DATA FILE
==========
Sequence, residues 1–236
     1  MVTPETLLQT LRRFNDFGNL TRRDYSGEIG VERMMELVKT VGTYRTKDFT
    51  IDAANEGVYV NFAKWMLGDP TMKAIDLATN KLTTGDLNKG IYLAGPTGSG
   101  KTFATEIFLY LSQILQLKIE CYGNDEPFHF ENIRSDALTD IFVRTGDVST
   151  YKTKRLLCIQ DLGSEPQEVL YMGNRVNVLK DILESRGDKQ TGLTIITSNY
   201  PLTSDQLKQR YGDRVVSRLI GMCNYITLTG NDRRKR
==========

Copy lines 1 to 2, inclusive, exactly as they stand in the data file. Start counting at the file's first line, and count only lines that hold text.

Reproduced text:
Sequence, residues 1–236
     1  MVTPETLLQT LRRFNDFGNL TRRDYSGEIG VERMMELVKT VGTYRTKDFT